Berkshire Sees the Double Edge Sword of Derivatives; You win some and lose some.

Though Buffet warned shareholders about derivatives, in 2002, it didn't stop him from playing the game in 2012. In a letter to shareholders he once again noted the danger: "Derivatives are financial weapons of mass destruction, carrying dangers that, while now latent, are potentially lethal," Warren Buffett wrote in 2002.

Berkshire estimated that its derivative contracts were worth $650 million at the end of the first quarter, well ahead of last year when they were worth $176 million.

The swing in the value of Berkshire's derivatives contributed to an overall gain on investments and derivatives of $580 million. A year ago, Berkshire recorded an $82 million loss on its investments and derivatives.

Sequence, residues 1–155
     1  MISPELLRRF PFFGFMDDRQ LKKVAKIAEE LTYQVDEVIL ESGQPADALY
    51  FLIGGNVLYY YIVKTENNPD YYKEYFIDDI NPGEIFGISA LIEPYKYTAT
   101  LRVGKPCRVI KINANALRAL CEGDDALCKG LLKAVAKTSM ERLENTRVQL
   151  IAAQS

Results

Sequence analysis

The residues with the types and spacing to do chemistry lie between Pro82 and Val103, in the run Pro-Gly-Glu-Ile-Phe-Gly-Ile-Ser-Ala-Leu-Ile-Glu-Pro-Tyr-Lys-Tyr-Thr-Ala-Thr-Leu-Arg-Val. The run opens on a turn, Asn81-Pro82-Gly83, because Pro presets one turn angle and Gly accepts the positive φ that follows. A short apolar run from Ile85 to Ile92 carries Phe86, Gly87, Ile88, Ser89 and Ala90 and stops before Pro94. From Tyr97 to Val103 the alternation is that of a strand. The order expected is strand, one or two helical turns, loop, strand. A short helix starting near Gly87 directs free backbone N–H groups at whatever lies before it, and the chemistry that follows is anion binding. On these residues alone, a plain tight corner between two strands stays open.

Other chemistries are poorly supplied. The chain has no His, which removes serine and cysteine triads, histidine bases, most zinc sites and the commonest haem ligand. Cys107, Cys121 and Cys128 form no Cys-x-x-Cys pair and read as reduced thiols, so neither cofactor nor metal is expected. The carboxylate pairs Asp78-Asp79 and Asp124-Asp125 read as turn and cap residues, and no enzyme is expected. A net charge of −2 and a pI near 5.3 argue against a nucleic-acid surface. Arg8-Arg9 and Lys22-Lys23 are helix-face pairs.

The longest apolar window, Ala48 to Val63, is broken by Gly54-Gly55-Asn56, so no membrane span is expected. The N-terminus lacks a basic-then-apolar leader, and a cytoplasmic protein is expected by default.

The true value of the derivatives won't be clear for at least several years, because they don't mature until at least a decade from now on average. But Berkshire is required to estimate their value every time the company reports earnings. Buffett has told investors he believes the contracts will ultimately be profitable because the premiums are being invested.